“At a time when armed fascists regularly come to our city and threaten our community with their AR-15s and their guns, at this time Pete Holmes has chosen to prosecute non-violent protesters for standing up. For what? For trying to better our society? What are Pete Holmes’ priorities?” Fox asked. “Why is he focusing on non-violent protesters when we have these armed fascists thugs coming to our city, day after day, year after year.”
He added: “Surely Mr. Holmes knows that our laws give maximum protection to the right to assemble peacefully in public spaces. And that speech sometimes can cause minor inconvenience. A marathon that’s run through the streets of downtown Seattle where all the traffic shuts down, inconveniences people. Oh well. That’s the cost of living in a modern urban society. We like those things because they increase the quality of our life. Certainly, when civic minded protesters block traffic, there’s no difference. Except the first amendment is specifically designed to protect the protesters. That’s the reason we have a first amendment, to protect people’s right to go out into the streets.”
This would seem to be precisely one of the first reasons why the Seattle Police Department didn’t arrest protestors from the No New Youth Jail Coalition, who blocked traffic earlier this year in March.
Seattle City Councilmember Kshama Sawant was unable to attend the press conference, but instead sent an aid in her place to read a statement that read in part, “Since Trump took office, millions across the country have taken to the streets, many for the first time, to protest attacks on workers, communities of color, women, unions, and policies, which favor big business and the super rich at the expense of ordinary working people. These activists, and the movements that more and more people are getting actively involved in, are our only true defense attacks from Trump and the far right. The needs of big business are meticulously attended to in our city, while working and poor people’s basic need for housing, mass public transportation, and essential services have largely been ignored. The fact is protesters are not the cause of our city’s traffic problems nor do they pose a grave threat to our city’s emergency services. For a City Attorney to imply that they are, and to send the chilling message that protesters will be arrested and prosecuted, is unacceptable.”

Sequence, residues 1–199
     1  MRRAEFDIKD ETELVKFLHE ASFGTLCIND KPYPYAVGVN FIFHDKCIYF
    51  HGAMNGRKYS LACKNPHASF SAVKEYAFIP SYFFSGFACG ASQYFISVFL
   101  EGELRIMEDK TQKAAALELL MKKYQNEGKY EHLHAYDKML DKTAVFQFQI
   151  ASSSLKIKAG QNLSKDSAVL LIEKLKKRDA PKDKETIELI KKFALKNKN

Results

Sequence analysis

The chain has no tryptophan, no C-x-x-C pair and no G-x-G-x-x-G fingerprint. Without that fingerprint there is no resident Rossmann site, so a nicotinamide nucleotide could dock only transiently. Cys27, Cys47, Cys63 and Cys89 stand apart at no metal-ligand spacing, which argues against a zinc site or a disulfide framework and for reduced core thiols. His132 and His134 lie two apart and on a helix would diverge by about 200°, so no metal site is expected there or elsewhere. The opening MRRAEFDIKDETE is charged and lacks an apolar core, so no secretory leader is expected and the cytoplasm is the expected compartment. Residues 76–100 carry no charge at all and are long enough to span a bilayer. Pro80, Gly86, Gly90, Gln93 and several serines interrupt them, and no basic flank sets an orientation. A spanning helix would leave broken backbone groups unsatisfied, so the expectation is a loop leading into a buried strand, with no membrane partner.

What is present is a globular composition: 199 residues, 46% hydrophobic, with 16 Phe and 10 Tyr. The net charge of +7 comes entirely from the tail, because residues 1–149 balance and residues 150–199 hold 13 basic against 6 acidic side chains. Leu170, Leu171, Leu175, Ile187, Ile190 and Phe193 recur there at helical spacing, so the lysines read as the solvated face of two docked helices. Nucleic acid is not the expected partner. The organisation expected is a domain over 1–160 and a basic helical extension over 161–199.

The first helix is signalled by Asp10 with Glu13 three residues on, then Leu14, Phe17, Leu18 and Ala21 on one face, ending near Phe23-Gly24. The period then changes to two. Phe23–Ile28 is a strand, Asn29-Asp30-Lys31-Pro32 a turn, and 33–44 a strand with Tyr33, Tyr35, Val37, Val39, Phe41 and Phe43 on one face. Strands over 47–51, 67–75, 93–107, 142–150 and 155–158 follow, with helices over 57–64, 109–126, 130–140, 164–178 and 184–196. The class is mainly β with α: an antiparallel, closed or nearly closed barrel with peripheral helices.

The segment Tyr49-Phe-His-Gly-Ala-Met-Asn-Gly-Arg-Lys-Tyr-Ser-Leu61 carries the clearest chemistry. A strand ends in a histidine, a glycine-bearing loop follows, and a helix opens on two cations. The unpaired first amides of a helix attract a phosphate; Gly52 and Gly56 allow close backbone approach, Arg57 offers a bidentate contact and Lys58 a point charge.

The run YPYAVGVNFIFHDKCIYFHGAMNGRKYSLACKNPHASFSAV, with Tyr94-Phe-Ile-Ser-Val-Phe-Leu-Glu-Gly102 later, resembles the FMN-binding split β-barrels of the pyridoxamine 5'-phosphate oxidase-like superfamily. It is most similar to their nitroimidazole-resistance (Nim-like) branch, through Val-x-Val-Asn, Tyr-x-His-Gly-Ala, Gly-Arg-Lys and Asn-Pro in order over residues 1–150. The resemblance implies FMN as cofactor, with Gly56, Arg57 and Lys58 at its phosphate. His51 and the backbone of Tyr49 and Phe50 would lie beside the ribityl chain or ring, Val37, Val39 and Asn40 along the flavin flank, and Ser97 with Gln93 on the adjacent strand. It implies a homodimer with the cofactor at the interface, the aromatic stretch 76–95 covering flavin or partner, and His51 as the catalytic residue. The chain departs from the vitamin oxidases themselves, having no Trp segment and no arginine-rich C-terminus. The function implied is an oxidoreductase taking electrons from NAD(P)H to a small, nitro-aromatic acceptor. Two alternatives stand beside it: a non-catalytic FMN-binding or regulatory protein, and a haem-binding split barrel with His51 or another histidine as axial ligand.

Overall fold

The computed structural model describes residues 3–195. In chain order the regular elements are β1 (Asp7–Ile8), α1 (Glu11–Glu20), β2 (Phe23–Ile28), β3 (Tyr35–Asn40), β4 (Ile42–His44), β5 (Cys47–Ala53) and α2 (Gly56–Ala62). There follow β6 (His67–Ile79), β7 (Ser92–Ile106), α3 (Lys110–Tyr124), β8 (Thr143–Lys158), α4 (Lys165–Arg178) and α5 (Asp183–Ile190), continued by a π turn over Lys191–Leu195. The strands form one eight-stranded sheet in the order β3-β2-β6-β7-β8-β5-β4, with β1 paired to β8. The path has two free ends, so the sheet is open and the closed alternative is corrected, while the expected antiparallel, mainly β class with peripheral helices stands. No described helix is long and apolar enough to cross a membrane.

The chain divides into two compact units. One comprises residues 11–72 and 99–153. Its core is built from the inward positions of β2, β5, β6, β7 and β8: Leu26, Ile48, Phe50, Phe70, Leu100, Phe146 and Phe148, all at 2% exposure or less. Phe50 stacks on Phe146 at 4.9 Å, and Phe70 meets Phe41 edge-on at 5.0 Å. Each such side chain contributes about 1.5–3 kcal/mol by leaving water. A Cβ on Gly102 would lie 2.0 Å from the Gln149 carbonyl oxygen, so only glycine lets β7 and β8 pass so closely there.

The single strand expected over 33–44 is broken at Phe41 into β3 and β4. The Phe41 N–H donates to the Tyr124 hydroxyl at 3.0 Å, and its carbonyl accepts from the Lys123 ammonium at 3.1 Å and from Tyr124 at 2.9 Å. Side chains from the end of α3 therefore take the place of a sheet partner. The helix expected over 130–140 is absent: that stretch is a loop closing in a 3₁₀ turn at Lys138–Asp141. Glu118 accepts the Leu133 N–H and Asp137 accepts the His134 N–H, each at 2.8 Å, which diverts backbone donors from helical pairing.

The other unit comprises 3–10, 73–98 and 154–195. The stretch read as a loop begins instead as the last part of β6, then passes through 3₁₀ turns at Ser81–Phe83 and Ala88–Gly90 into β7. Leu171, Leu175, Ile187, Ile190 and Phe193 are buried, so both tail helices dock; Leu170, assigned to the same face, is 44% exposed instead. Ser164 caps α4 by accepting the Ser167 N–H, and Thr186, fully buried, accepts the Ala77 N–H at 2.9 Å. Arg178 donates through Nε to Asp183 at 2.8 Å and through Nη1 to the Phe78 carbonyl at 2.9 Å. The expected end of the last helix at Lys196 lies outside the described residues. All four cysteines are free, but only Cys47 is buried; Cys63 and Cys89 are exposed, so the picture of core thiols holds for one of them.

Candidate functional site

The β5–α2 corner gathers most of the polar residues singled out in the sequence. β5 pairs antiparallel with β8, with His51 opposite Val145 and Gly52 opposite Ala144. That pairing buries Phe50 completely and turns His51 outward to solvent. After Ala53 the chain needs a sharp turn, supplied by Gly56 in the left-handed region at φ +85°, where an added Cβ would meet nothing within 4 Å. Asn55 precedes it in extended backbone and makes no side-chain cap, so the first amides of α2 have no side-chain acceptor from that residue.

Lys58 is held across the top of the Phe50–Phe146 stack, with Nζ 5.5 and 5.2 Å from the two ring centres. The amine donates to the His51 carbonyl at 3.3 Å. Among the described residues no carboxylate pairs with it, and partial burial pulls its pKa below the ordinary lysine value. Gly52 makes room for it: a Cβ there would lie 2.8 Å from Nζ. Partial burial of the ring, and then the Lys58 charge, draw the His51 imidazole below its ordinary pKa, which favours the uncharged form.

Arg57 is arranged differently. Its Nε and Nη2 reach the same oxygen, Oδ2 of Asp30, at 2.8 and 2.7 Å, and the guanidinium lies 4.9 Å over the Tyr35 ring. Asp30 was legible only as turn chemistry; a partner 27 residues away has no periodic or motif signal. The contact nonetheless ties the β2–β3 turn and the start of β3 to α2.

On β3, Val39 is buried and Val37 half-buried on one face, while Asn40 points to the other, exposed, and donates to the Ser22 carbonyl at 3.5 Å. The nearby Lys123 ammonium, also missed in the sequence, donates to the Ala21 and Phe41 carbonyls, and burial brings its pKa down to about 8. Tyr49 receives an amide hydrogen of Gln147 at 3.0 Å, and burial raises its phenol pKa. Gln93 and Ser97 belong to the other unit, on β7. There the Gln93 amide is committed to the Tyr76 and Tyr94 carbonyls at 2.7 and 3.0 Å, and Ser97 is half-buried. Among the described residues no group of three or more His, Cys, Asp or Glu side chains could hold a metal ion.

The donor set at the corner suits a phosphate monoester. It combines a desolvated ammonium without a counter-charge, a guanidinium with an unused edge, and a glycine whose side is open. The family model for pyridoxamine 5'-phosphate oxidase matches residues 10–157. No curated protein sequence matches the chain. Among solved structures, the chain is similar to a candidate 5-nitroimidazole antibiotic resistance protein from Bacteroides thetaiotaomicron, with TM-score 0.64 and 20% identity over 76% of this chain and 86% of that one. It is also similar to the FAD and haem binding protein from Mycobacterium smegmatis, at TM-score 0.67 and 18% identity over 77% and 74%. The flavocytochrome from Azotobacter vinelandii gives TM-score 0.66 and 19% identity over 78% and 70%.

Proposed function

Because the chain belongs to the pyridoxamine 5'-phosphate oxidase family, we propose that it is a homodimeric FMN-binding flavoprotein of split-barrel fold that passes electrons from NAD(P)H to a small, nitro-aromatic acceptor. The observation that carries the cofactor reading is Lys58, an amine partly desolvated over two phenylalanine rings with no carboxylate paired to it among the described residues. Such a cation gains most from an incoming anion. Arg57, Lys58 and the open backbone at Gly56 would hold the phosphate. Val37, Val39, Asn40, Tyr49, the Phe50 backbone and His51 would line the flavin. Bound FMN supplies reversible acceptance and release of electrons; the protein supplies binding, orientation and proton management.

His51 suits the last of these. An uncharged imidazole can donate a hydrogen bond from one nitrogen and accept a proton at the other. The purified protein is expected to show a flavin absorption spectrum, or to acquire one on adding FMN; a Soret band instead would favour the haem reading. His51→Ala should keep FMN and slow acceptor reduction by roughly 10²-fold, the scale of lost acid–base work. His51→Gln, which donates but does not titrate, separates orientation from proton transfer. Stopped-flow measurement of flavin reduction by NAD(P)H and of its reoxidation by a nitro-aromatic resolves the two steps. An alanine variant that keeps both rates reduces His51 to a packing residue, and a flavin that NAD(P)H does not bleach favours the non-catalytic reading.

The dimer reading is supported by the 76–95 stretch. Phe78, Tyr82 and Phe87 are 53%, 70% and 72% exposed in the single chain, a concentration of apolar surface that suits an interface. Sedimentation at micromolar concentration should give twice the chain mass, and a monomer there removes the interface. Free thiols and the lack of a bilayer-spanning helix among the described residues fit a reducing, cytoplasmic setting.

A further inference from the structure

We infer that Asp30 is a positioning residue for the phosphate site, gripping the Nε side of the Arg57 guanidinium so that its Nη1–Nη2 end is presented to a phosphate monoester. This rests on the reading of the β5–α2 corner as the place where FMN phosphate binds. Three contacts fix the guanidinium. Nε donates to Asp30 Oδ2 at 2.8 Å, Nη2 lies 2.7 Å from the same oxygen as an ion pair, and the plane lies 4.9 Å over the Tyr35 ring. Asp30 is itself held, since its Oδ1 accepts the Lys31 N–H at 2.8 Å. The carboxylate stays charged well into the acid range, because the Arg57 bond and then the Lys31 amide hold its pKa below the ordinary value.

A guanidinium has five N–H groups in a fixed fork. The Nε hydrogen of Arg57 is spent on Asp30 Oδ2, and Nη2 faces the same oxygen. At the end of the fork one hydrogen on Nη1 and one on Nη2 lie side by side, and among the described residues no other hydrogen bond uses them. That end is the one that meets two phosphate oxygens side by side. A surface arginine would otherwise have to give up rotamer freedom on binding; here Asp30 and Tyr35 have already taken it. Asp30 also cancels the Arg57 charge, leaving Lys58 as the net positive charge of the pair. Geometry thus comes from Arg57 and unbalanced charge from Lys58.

Kelson Caldwell, a member of the Anti-ICE 9 who was arrested in June, echoed that these protests aren’t the cause of our city’s traffic nightmares.
“I am a professional bus driver, and it is ludicrous to blame protesters for the traffic in this city, and that is basically what Pete Holmes is doing,” Caldwell said. “Every single day I have a reroute for many of my bus routes, and I have to take a different street because entire city blocks are blocked by the construction that is being funded by the corporate elites who more and more own this town.”
This point makes me wonder, will the city plan to cancel Seafair next year, which annually shuts down Interstate 90 for hours while the Blue Angels practice and perform for four days?
Many protestors that I spoke with who were arrested at one of those actions told me that they weren’t aware that they were being prosecuted until they saw the article in the Seattle Times, which seems to only reinforce that the City Attorney is indeed using intimidation tactics and trying to send a message.
Alec Cannon from 350 Seattle had this to say: “We don’t participate in these protests to inconvenience people. We don’t participate in these protests for the sake of being disruptive. We participate in these protests cause we recognize that the inconvenience of climate change, the inconvenience of having families torn apart are infinitely greater than the inconvenience of being stuck in traffic for a few minutes. At this moment in time, in this moment in history, we’ve never needed activism more. Our administration is pushing policies that are tearing families apart, our administration is outright racist and a white supremacist administration, and instead of using his public platform to stand up against the Trump administration senior’s policies, instead of using his public platform to take a stand against the oil industry, instead of using city resources to take a stand against the oil industry as numerous other cities who are engaged in lawsuits against other cities have, City Attorney Holmes made his decision to use his public platform to send a chilling message to activists in Seattle. Activists are doing their damndest to stand up in the face of grave injustices, and to fight for a more just society. And in doing that, City Attorney Holmes is aligning himself with the status quo. And as history has taught us over and over again, the status quo can uphold the most grave of injustices.”
When asked by members of the press if this would dissuade protesters or have them rethink their tactics, members from each group agreed that they would not be intimidated, and that Holmes’ statement has instead brought these movements closer together.
Featured Image: Matt Remle speaks at Seattle City Hall Sept. 4. (Photo: DJ Martinez)